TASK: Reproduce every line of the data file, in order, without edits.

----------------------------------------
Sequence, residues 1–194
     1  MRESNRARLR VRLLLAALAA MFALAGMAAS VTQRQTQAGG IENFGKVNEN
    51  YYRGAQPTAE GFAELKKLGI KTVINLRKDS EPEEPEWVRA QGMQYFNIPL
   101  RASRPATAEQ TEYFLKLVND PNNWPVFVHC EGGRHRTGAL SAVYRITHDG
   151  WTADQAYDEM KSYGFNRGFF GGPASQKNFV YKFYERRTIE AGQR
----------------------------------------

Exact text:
Sequence, residues 1–194
     1  MRESNRARLR VRLLLAALAA MFALAGMAAS VTQRQTQAGG IENFGKVNEN
    51  YYRGAQPTAE GFAELKKLGI KTVINLRKDS EPEEPEWVRA QGMQYFNIPL
   101  RASRPATAEQ TEYFLKLVND PNNWPVFVHC EGGRHRTGAL SAVYRITHDG
   151  WTADQAYDEM KSYGFNRGFF GGPASQKNFV YKFYERRTIE AGQR